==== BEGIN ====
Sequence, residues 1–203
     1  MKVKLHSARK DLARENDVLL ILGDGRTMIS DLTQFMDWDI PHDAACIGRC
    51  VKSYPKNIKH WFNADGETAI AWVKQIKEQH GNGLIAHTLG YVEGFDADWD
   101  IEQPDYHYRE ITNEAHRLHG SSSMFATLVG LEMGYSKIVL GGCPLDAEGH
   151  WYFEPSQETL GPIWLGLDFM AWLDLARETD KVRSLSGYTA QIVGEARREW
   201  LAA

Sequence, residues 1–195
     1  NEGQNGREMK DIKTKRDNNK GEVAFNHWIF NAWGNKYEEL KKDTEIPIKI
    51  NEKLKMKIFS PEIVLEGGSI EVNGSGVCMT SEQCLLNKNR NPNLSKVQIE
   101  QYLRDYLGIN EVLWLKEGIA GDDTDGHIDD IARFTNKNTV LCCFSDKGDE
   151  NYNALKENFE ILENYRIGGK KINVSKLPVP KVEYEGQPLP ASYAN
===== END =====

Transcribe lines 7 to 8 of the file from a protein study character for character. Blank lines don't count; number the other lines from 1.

Sequence, residues 1–195
     1  NEGQNGREMK DIKTKRDNNK GEVAFNHWIF NAWGNKYEEL KKDTEIPIKI